In the West Loop, the private life
05/20/2009 10:00 PM
Itís been quiet in the West Loop.
I guess the big public issues like building heights wax and wane. We seem to be in a wane phase right now, waiting for projects to get done. Like Adams-Sangamon park, the Skinner Park improvements, the new Skinner School facility.
People seem to be cocooning, focused on work and relationships and home life.
Iím doing the same ó working away, volunteering for organizations I like and for causes I believe in, moving, and opening myself up to the possibility of a relationship.
Itís the private life instead of the public life.
But there are always those places where my private life meets public issue.
I am a member of the host committee for the Chicago Green Festival, which wrapped up last Sunday. One of our goals was to recruit attendees who donít already own hemp bags and SIGG water bottles. We did much of our outreach outside of the standard green-and-granola circles. It was great to see families, school teachers, and people young and old looking for ways to soften their impact on the planet in small, everyday ways.
At Green Festival, displays of worm composting and eco-friendly toys shared space with a host of speakers who presented on recycling, healthy school lunches and the meaning of fair trade. I learned, for example, that I need to split the grapes before I feed them to my worms (the poor things canít get through the hard shells. Imagine the trauma I must have caused).
If you missed the event, you can always shop eco-friendly in the West Loop. A number of neighborhood businesses were a part of this yearís fest. Pivot Boutique on Fulton Market, which hosted one of our Festival planning meetings, sells clothing and other items made of organic and sustainable materials. The Balanced Kitchen on west Grand offers vegan catering and Green Home Chicago on north Morgan focuses on environmentally and socially conscious home design and care.
I came away from Green Festival with great sustainable design ideas. The timing is perfect because at the end of this month I will become a first-time homeowner. I am moving mere blocks from where I am now, too dedicated to the many parts of the West Loop to leave it now.
In the new place, Iíll be liberated from the landlord. Iíll have more interior dťcor freedom!
The first-time homebuyer credit will provide the cushion for me to install items like carpet tiles, non-volatile organic compound paint, and container gardens. At a cost of less than $60, I am also going to retrofit the toilet with a dual-flush system. For those unfamiliar, it allows each user to determine how much water they need (by pressing one button or the other) to dispel the toilet of anything they have deposited in it ó get it? Who knew there might be an environmental benefit to constipation?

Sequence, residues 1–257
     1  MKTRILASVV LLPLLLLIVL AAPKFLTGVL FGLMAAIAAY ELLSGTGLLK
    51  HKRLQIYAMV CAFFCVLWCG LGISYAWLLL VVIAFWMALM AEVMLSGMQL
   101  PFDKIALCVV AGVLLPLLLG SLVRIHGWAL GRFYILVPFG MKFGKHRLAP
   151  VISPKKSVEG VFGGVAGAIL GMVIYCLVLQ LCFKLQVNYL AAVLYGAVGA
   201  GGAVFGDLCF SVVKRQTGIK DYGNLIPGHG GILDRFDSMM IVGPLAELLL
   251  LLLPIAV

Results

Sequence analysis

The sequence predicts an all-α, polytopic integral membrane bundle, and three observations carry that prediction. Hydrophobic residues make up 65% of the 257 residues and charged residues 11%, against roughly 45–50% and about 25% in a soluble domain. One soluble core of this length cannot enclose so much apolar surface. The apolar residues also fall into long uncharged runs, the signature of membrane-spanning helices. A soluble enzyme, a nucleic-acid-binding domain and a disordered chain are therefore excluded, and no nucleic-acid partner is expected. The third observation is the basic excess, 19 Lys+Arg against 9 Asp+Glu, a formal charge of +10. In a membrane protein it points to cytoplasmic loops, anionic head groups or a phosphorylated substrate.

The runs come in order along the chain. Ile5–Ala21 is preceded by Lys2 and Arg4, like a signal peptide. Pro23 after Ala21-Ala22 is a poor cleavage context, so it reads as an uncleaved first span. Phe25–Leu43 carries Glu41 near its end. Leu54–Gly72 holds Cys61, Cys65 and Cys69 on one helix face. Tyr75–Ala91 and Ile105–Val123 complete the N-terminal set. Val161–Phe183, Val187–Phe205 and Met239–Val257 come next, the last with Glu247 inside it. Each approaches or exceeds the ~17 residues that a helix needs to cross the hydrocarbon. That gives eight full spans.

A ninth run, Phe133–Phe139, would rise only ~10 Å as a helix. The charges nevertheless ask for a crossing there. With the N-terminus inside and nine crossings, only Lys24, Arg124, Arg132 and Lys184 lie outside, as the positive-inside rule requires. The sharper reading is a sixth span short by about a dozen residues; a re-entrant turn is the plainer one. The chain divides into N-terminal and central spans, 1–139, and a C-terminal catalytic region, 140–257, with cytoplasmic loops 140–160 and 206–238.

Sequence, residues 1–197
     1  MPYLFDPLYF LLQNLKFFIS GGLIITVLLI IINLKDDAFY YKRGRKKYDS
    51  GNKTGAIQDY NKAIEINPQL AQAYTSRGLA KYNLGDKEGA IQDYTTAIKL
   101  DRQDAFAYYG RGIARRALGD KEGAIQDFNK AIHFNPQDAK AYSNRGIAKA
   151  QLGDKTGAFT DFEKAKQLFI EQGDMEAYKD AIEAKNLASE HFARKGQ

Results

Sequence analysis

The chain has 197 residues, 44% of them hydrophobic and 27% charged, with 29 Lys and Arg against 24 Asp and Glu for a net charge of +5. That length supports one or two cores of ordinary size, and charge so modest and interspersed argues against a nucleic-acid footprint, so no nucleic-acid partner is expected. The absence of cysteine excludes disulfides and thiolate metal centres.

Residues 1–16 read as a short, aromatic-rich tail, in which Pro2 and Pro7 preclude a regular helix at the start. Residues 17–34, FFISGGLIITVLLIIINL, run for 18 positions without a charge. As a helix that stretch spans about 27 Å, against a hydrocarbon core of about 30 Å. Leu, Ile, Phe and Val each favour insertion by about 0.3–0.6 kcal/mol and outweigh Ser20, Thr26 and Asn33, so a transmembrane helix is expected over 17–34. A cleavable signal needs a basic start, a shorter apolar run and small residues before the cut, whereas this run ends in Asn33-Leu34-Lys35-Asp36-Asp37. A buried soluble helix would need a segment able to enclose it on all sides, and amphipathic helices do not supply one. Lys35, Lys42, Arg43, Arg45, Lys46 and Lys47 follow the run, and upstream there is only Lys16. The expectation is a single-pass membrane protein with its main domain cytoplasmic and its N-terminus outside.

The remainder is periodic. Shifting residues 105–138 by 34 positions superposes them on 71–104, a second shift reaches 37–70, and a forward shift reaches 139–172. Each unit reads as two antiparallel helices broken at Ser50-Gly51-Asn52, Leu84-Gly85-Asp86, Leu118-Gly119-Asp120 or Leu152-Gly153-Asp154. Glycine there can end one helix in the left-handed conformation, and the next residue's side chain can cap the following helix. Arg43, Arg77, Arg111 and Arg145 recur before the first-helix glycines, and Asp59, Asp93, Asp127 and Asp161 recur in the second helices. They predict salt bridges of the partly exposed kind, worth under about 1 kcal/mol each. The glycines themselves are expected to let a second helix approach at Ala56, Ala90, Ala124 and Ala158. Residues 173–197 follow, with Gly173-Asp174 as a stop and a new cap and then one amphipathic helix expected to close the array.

The guy I talked to about the system even offered to come over and install it. It was seemingly a flirtation except that the only numbers being discussed were #1 and #2. Itís too bad, really. Since I wonít have to conduct an embarrassing toilet flush demo with him once itís installed, we could make for a good match.
The renewed relationship efforts and the condo purchase fulfill just two of the promises I made to myself after attending LifeBook in March. LifeBook is located on west Lake Street. I consider it yet another West Loop treasure. The four-day program of personal reflection focuses on 12 aspects of living, including health, relationships, and spirituality.
When you dedicate four solid days to yourself, you get some things figured out. Letís just say I now have a very long to-do list.
If the West Loop were to go through the LifeBook experience I would have more to write about.
Like the recent presentation of the Central Area Action Plan. Few neighborhood residents showed up last week to learn about it.
This is important ó exactly the kind of strategic planning process that has us imagining our neighborhood five, 10 and 20 years out.
A meager smattering of people showed.
By itself, the connections between clout and development in Chicago should be enough to justify paying attention to the city planning efforts. And despite the cool transportation projects in the plan, we will be getting very little. East of Jefferson will be sprouting with activity.
These days, buying in the West Loop and living in the neighborhood are less about a quick investment and more about finding a home.
Since youíll be sticking around, youíll want to know about these grand plans. In the meantime, Iíll keep you posted on the condo and the dual-flush man. My five-year plan is beginning to play out quite nicely.
And perhaps the intensity and passion about neighborhood issues will re-emerge.
There is a meeting May 27 about parking in the neighborhood.
But that issue has never caused controversy, has it?